Doing Good Together December 2008 Newsletter

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Doing Good Together Newsletter )
Helping strengthen kids and communities through family volunteerism... December 2008
in this issue
  • Community Connections
  • Power in Neighborhood Numbers
  • Inspiration
  • Family Story~Getting a Jump on Helping
  • News From DGT
  • You'd be surprised how happy neighbors are to gather together around a good cause-sometimes they just need to be asked. One way to encourage families to get more involved is to pick issues that that they themselves have identified as needing attention in their own backyard. This "citizen centered" approach lets neighbors get to know one another - and teaches our children that service to others doesn't have to involve faraway people and places. It can be about making a positive difference right in their own community.

    Jenny Friedman, Executive Director

    Community Connections
    Neighborhood Watch

    Make a Difference...

    By organizing your neighborhood around critical issues, you and your family can build a network of connections while strengthening the sense of community for others. Look around and see what needs to be done. Ask others to join you. Here are some possibilities to think about:

  • Organize a regular neighborhood clean-up.
  • Start a neighborhood watch group.
  • Put together an annual block party or National Night Out event.
  • Start a neighborhood garden and share the bounty.
  • Develop a system to provide services for the elderly in your neighborhood, including transportation, yard care or putting up holiday decorations.
  • Organize a community festival.
  • Power in Neighborhood Numbers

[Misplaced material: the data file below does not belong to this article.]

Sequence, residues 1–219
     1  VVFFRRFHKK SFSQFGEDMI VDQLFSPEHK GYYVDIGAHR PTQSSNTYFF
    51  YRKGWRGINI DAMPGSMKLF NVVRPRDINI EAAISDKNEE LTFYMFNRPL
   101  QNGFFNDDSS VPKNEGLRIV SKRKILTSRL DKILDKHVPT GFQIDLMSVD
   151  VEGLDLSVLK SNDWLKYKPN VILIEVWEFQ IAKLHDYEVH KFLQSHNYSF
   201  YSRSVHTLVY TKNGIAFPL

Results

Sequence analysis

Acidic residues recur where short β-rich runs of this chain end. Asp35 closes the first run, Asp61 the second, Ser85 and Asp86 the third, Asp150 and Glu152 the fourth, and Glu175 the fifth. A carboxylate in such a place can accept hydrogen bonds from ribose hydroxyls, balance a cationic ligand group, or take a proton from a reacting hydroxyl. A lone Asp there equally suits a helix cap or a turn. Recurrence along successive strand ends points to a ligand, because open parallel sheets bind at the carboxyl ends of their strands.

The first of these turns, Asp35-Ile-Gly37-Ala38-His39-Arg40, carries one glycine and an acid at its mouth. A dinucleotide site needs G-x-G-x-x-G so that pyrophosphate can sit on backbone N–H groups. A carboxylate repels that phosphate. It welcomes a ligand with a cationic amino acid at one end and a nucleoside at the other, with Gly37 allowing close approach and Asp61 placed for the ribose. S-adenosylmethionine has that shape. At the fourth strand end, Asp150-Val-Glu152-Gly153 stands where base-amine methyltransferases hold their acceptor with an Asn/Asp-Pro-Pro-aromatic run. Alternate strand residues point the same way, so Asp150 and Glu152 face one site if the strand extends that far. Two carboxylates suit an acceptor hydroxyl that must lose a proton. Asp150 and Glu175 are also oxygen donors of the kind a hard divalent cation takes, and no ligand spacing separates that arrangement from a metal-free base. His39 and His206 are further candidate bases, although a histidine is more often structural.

Saving Strawberry Farm by  Deborah Hopkinson

    Talk About It...

    Here are some steps your family can take to get your neighbors thinking about a common service project:

  • Talk about the value of community, and ask your children what they can accomplish with a group that they wouldn't be able to accomplish on their own.
  • Consider the strengths of your neighborhood-and also the areas of need.
  • Brainstorm some issues that your family (in cooperation with other families in the community) might tackle together - in preparation for a neighborhood meeting.
  • Call a meeting to discuss the issues and seek solutions. Be sure to take a positive approach, emphasizing the power of the community to make a real difference.
  • Begin taking the necessary steps to initiate meaningful change.

  • Learn About It...

    For inspiration, read Saving Strawberry Farm by Deborah Hopkinson, illustrated by Rachel Isadora (Greenwillow, 2006). When Davey learns that Miss Elsie is going to lose her farm to the bank, he is determined to help her, even though his own family, as well as the entire community, is struggling in the midst of the Great Depression. The story emphasizes the power of a close-knit community to accomplish great things, even with very few resources. (Ages 4-8.)

    Photo: Saving Strawberry Farm by Deborah Hopkinson


    We can begin by doing small things at the local level, like planting community gardens or looking out for our neighbors. That is how change takes place in living systems, not from above but from within, from many local actions occurring simultaneously.